Customs: (Kantor Pabean) Walk back to the main intersection and turn right, heading south toward the water.  At the end of that street is a gate area with a sleepy guard.  Just inside that gate, to the left, is the Customs building).  Inside, we asked at the desk, and they directed us into an air-conditioned “waiting area”.  This area includes a computer terminal to make adjustments to your Yachters Yacht Declaration.

The general procedure is to hand over copies of passports, boat registration, your previous port’s clearance, and a printed copy of your Yachters Vessel Declaration (filled in), they check it over, and have you make corrections, if necessary, with their online terminal in the office.  Then they schedule a boat visit for them to inspect the boat. (within a few hours or next morning at the latest).  After the inspection (more on that later), you return to Customs the next day to collect your completed and signed Vessel Declaration form.

We had several problems with our pre-submitted info on the Yachters site.  Our info, which I had edited several times before leaving Davao, had 4 entries (for the same person) in the crew list.  At this time, the ONLY way to correct this is to delete the ENTIRE yacht entry and start over.  Since that also deleted the boat picture and registration info previously uploaded, Customs agreed to let me re-submit when we got back on board, from my laptop.  The other boat that cleared in with us has the opposite problem—one of their crew members was missing from the document, in spite of the fact that the crew had been on the list when they printed the paperwork to apply for a Social Visa, several weeks before.  They corrected this and one other minor issue (Port of Origin is meant to be the origin of the current trip, ie Davao, not original boat origin back when you started your cruise).  The Customs officer reprinted their information.  After taking a half an hour to review our documents, we were told we were finished, except for the inspection, which we scheduled for later that afternoon.

No charge at all for Customs, or Immigration.

Quarantine: The Quarantine office is another building or two down the road toward the water from Customs.  You have to go outside the Customs compound, turn left and down the road and turn left into the Quarantine compound.  This is where you take the MARITIME DECLARATION OF HEALTH form you downloaded from the last page of your Yachters entry, which we had filled out, signed, and stamped.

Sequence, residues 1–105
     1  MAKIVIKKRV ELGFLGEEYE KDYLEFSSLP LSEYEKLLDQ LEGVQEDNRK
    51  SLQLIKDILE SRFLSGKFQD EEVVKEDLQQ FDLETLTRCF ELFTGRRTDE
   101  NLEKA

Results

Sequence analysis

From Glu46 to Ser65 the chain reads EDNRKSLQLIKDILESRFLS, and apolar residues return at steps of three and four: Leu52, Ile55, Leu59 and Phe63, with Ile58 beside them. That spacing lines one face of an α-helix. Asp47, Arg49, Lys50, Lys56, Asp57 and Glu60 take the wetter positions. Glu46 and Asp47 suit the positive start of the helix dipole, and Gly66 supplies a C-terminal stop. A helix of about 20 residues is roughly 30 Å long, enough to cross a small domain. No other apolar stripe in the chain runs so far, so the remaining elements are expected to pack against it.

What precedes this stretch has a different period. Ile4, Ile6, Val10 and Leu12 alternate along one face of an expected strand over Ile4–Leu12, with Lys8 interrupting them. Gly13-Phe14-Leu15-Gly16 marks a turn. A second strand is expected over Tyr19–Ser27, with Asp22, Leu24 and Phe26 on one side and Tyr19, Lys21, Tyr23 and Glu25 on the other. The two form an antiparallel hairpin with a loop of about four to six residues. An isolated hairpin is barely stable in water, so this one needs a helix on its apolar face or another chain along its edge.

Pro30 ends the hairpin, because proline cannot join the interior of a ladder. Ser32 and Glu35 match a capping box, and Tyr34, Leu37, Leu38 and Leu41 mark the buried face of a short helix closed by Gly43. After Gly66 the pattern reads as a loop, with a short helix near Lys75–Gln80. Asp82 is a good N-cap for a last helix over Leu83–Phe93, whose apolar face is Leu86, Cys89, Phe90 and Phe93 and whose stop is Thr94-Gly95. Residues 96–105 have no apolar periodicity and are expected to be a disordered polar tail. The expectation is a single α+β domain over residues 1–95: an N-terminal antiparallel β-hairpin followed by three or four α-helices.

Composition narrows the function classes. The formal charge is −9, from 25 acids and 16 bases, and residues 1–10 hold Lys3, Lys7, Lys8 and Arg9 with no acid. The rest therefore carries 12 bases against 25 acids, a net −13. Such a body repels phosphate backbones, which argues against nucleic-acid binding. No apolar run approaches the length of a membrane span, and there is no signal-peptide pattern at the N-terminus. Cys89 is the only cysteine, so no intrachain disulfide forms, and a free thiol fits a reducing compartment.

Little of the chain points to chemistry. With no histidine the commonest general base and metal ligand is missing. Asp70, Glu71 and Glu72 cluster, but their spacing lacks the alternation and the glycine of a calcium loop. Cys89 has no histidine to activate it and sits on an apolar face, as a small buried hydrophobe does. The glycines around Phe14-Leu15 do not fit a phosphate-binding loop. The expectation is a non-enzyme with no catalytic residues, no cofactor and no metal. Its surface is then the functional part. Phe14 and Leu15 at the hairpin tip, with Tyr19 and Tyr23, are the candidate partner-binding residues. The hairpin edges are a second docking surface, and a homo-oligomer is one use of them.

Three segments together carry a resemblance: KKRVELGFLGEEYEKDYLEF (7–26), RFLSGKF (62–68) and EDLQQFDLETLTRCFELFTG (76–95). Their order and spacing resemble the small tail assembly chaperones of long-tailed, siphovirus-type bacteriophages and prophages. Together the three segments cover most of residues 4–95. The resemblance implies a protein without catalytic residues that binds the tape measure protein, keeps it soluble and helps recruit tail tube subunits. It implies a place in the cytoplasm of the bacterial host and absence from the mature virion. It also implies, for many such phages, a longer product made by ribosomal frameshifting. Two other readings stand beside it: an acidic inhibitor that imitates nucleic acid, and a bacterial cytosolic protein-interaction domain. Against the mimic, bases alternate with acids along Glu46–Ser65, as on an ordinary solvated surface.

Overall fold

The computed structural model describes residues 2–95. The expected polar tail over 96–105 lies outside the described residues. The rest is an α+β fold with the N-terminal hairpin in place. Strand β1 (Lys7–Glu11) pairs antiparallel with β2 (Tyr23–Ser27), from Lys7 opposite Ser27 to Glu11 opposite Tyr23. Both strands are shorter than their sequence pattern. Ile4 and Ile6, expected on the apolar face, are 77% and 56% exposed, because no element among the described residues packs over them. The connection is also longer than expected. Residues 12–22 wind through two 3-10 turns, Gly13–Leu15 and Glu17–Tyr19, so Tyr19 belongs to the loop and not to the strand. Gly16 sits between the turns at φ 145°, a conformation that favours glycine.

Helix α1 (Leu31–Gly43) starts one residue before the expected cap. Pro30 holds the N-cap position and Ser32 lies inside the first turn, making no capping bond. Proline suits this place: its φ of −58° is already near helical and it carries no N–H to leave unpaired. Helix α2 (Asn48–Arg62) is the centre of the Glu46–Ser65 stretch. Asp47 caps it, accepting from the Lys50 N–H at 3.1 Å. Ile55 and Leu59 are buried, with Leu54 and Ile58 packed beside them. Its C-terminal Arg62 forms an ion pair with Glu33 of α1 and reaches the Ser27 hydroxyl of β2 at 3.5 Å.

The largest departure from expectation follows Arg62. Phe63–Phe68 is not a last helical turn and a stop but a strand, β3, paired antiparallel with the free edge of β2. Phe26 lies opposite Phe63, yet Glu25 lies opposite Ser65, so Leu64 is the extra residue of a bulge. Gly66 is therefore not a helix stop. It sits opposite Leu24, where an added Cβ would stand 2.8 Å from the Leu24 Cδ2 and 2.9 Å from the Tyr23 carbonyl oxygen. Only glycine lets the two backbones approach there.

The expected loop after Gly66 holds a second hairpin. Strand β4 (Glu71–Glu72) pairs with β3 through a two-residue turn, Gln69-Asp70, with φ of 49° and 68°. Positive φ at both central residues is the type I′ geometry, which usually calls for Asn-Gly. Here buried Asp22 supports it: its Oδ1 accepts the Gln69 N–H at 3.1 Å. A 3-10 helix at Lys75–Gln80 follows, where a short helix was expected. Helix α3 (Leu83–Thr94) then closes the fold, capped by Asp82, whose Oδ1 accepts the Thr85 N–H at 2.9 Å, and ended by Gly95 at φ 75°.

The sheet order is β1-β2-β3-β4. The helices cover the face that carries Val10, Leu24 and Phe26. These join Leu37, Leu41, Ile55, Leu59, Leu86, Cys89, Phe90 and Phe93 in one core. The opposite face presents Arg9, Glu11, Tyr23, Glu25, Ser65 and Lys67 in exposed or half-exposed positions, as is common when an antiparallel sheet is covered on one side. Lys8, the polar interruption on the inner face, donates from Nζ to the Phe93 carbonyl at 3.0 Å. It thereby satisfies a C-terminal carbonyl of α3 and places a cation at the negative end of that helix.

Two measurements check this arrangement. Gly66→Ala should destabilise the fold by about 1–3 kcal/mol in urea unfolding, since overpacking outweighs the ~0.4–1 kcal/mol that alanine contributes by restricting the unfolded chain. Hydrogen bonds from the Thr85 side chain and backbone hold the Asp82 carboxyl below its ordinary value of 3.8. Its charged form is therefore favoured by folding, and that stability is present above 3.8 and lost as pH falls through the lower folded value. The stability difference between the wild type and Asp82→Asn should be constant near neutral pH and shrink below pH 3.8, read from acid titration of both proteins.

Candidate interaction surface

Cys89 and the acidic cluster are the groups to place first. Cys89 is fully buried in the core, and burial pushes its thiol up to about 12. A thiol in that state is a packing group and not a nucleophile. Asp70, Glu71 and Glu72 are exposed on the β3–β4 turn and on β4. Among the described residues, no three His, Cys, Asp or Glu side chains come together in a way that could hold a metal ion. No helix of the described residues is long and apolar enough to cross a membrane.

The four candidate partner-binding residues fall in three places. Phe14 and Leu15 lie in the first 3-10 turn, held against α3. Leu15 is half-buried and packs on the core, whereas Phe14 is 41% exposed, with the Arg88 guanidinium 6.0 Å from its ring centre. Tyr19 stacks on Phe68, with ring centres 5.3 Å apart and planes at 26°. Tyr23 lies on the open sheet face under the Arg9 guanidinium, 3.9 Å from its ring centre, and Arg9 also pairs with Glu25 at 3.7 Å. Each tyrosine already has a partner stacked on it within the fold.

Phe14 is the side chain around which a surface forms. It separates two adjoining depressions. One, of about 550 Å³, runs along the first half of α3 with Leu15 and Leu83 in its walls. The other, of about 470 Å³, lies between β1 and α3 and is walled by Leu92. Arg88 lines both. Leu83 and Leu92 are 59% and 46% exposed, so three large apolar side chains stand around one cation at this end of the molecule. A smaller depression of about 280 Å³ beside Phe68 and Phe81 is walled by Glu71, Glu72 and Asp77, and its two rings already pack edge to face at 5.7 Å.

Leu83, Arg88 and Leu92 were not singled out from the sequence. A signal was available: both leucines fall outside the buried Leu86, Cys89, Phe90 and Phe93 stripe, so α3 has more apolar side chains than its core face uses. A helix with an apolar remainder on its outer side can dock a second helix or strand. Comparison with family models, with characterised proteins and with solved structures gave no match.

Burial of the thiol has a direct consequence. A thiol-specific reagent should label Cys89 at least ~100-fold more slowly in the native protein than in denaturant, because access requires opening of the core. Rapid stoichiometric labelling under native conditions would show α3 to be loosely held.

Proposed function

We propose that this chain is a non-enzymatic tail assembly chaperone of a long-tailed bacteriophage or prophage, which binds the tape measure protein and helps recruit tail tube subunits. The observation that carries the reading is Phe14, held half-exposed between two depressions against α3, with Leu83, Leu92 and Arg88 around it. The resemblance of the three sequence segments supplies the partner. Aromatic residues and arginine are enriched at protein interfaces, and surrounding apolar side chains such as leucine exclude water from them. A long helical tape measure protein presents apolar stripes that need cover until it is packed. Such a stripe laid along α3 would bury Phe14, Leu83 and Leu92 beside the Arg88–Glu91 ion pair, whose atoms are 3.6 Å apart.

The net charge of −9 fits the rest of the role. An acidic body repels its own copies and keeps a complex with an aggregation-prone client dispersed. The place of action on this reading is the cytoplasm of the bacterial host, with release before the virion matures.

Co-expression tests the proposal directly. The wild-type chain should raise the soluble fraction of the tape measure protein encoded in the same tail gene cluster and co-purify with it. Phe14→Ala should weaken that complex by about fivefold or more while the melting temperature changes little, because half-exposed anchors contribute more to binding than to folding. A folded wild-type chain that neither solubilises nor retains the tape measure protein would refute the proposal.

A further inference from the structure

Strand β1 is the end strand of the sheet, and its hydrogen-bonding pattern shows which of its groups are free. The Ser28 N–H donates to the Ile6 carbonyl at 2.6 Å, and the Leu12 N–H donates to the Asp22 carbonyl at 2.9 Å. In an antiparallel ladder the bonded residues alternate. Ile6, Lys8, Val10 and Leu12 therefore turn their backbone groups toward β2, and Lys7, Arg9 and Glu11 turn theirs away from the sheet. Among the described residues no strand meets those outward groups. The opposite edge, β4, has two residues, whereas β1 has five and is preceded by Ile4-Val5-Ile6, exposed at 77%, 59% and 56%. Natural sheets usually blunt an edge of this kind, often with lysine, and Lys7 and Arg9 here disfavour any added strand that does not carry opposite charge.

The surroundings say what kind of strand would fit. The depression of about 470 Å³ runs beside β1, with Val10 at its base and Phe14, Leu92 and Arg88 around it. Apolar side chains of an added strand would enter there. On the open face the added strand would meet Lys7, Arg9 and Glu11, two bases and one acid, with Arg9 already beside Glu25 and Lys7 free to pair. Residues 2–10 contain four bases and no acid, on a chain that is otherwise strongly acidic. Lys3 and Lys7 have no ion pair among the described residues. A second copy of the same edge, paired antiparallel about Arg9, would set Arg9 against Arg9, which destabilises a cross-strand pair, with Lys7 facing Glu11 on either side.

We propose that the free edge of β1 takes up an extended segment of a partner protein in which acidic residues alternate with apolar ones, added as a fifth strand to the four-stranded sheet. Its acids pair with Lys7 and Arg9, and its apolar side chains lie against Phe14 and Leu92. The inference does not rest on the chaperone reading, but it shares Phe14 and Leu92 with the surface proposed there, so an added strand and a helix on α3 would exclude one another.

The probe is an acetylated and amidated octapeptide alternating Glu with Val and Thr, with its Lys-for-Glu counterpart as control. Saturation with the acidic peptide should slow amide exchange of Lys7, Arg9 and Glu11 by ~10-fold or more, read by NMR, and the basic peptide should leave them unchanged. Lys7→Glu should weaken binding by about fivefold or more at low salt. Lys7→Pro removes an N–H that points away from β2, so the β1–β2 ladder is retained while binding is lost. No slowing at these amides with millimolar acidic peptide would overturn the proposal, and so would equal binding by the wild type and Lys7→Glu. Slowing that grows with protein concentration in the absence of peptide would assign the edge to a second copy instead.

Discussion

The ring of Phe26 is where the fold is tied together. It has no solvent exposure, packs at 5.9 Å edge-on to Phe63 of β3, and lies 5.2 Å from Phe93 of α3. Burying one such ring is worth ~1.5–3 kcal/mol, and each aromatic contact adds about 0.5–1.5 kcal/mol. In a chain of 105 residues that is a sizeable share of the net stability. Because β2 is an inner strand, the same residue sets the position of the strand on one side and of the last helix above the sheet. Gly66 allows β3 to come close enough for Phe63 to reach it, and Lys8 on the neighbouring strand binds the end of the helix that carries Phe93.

There was a very nice lady in the first office who spoke English.  She organized the whole procedure.  Since we did not already have a “green book” (Ship’s Health Book), which we apparently require in Indonesia, we had to get one of those.  A few minutes waiting, and the lady brought us to a wall that had all the charges for Quarantine on it, indicating we had to pay 35,000 for one thing (our Certificate of Pratique) and $15,000 for the Green Book.  (A total of about $4.50 per boat).  After paying that, we waited a few more minutes and were presented with a Certificate of Pratique stapled inside our new Green Book.  No boat visit required (we didn’t ask, they didn’t mention it).  (I notice now that I am on Noonsite, the “new procedures for yachts” indicate a Green Book is no longer required.  It only cost a $1.25)

The very last word the nice lady said to me was “You know that you have to return and get cleared out of Bitung before you leave for your next port.”  (we didn’t know, and not sure it is required for yachts).  It’s unknown whether you can get by without going to Quarantine at all.  Had we not asked the question, nobody would have told us to do it.  But you may run into problems down the way somewhere if you do not have the Certificate of Pratique.  I know that in Sorong, clearing out of Indonesia in 2016, Quarantine was a mandatory stop in the clearing-out process.  Customs would not give us our clearance document without it.

We didn’t ask if they Quarantine needed to come to the boat…and they never mentioned it.  So we got our paperwork without having to hassle with a visit from a Quarantine officer.